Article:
5.19 However, some also asked for clarification about the timeframe for repaying any money received from non-qualifying persons and about the enforcement of this rule. In particular, some wanted to know what would happen if a permitted participant simply denied all knowledge of the change in a qualifying person's status - and for this reason, there was a suggestion that the offence should relate to 'unknowingly' (as well as 'knowingly') receiving money from a non-qualifying person. Respondents also asked for details about: (i) who would ensure the money was repaid; (ii) what safeguards could be put in place to prevent donations being channelled into the campaign through a qualifying person by a non-qualifying person; and (iii) what sanctions there would be for those who had committed the offence. There was a view that a fine was unlikely to act as a sufficient deterrent in the context of a referendum on Scottish independence, and there were calls for custodial sentences to be considered.
5.20 The main concern voiced by this group in relation to this point was that the rule could only be enforced 'after the fact' - which would inevitably be after the referendum - by which point any illegal transactions will have contributed to the outcome.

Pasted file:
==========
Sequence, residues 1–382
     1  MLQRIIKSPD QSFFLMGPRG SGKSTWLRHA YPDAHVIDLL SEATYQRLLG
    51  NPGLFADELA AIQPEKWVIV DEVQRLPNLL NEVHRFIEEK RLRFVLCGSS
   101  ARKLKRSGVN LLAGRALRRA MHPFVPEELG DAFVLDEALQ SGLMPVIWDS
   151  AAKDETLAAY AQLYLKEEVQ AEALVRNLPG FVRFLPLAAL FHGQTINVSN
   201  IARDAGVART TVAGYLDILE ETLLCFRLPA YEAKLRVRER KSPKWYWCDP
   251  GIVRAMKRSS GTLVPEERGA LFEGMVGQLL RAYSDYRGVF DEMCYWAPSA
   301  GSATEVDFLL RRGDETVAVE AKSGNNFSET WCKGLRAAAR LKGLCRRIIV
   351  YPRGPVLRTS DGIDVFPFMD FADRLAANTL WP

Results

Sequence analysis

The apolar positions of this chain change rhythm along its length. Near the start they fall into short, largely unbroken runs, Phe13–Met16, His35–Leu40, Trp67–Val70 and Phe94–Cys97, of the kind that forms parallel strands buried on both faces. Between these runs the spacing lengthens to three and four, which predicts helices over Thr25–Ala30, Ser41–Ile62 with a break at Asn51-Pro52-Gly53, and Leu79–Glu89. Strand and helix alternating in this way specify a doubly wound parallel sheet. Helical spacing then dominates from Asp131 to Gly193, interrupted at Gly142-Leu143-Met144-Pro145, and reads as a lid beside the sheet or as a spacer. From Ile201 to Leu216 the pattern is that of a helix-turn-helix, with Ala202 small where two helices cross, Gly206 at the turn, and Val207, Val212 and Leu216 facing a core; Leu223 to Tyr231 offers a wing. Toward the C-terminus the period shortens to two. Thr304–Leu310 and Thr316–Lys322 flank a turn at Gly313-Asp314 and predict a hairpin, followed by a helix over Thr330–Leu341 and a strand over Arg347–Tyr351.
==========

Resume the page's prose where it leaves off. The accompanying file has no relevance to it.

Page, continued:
Views on the conduct of the campaign
5.21 As noted above in paragraphs 5.5 and 5.7, most respondents did not engage with the technical detail of the proposals set out in the consultation paper, but rather focused their comments on more general issues relating to the campaign rules and the conduct of the campaign. The main themes in these responses were in relation to the eligibility of permitted campaign participants; spending limits and expenses; donations and donors; the use of public funds and the role of Government in the referendum; and the quality of campaign information (including the role of the media). Other themes, raised less often, are discussed at the end of this chapter.
5.22 It was clear that people's views were influenced by their perceptions of the campaigns leading up to the 2014 Scottish independence referendum and the 2016 EU referendum. These respondents frequently alleged that campaign rules had been broken in both these campaigns but that no legal (or other) consequences had followed. Respondents wanted to see any breaches in campaign rules dealt with swiftly and in an ongoing way throughout the campaign before they could affect the outcome of the referendum.
Eligibility to register as a permitted participant
5.23 One of the main themes in respondents' comments about the referendum campaign rules related to the eligibility to register as a campaign group. The predominant view was that only individuals living in Scotland and organisations based in Scotland should be eligible to register as permitted participants. Some said that only those who would be eligible to vote in the referendum should be able to campaign.
5.24 However, an alternative view was that individuals / organisations based anywhere in the UK should be able to register as a permitted participant, but that all members of a permitted participant campaign group must be exclusively domiciled in the UK.